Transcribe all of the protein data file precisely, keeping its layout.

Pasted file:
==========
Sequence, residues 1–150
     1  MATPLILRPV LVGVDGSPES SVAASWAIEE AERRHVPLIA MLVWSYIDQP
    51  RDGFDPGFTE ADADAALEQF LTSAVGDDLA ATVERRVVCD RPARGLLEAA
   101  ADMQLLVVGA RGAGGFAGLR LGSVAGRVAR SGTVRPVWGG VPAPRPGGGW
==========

Sequence, residues 1–150
     1  MATPLILRPV LVGVDGSPES SVAASWAIEE AERRHVPLIA MLVWSYIDQP
    51  RDGFDPGFTE ADADAALEQF LTSAVGDDLA ATVERRVVCD RPARGLLEAA
   101  ADMQLLVVGA RGAGGFAGLR LGSVAGRVAR SGTVRPVWGG VPAPRPGGGW